Sometimes it's better to be lucky than good

Please tell what happened and how it might have been avoided. Names should be ommitted. This forum should help others learn from mistakes that caused or nearly caused a mishap.
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RichardShaw
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Sometimes it's better to be lucky than good

Post by RichardShaw » Wed Apr 25, 2018 12:31 pm

I had always thought of myself as a better than average pilot, that's probable why complacency played a large roll in what could end up being a career ender for me.
A couple of weekends ago the day was looking less than average so a small group of pilots decided to fly Mt. Lukens to change things up.
After driving up the washed out access road we all sat up our gliders, I was the third off, the first two pilots made it off with what looked like more effort than was discussed before launch. I stepped up to launch and was in a hurry to catch up with my buddys that just left. The conditions seemed to be getting lighter so I decided to take two steps to my left and several steps back, (this was in my mind to build up speed in-order to compensate for light or no winds).
This choice complicated my launch in three ways.
1) It changed my launch line down the hill.
2) It made me completely lose site of launch and my path across the ground cover.
3) Transitioning from flat ground to a reasonably steep slop requires a larger angle of attack change (that I didn't pull off)
I yelled clear and ran to the edge of launch and started down trying to pick my way through the brush not to trip, as I began to fly away my right wing tip brushed the top of a bush putting me into a spin, I hit the ground about 100' down from launch. I walked away without a scratch, the glider received two tears on the leading edge and one bent down tube.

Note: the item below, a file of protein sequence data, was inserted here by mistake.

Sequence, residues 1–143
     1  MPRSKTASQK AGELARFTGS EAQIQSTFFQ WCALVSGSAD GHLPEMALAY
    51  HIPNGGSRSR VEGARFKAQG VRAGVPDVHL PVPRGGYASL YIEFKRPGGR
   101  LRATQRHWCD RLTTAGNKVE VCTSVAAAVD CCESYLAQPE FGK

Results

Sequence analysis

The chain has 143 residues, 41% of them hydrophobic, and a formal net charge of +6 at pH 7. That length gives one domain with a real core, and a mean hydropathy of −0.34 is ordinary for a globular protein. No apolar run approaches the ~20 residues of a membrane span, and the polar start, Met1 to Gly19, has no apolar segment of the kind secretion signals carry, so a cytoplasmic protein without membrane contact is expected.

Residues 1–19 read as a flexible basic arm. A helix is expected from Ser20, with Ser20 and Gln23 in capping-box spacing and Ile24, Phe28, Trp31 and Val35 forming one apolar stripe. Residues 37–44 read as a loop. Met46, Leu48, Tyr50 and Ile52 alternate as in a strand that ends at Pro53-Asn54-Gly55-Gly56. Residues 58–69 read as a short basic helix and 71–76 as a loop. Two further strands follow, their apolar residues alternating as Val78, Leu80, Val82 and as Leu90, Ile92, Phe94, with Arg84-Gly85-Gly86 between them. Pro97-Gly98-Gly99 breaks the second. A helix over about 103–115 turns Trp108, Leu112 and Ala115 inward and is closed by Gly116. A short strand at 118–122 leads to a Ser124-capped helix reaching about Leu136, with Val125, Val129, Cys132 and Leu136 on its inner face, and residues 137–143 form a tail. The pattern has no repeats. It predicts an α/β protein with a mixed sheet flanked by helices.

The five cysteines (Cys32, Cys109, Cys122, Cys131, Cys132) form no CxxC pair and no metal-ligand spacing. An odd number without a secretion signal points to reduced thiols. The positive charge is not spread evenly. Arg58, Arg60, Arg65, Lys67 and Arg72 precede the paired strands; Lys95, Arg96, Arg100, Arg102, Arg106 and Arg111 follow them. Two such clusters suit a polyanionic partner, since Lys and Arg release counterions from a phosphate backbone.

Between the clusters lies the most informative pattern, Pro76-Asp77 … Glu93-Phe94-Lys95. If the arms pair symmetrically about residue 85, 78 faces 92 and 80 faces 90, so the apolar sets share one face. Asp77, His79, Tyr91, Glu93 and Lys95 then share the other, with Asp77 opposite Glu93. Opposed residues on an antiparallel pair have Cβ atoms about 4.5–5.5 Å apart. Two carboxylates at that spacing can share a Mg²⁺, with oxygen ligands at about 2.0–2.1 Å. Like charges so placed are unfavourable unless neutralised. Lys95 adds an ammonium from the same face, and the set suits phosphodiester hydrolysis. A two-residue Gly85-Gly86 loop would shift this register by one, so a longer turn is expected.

"Keep thy airspeed up, lest the ground come from below and smite thee".
William Kershner

Richard

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Malury
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Post by Malury » Thu Apr 26, 2018 12:34 pm

WOW! That's unfortunate. I am glad to hear you are OK Richard. Don't let it become a career ender. Just get back to your conservative, normal launch procedures.

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chadness
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Post by chadness » Thu Apr 26, 2018 1:18 pm

Hi Richard,

thanks for the lesson learned info. This shows that even really skilled and safe pilots like yourself can make minor mistakes that make the critical difference in (rare) cases where there is little margin for error.

When I started learning to fly (still learning) in the 80's, I attempted a crowd pleasing but foolish approach at the training hill. When the crash came to a halt with a broken leading edge, keel and downtube, the other downtube finally gave way resulting in the wing falling down on me too. So humiliating. No injuries though. When I gathered enough pride to shamefully and reluctantly hand the wreckage over for repair to my instructor (Jeff Nicolay), he said something like "Chad, don't take it so hard. I have destroyed more gliders than you will probably ever fly". Later I told him how helpful that statement was to me, and he said something like "I said that only because you are a safe and competent pilot in nature". If you knew Jeff, this was lot of discussion:)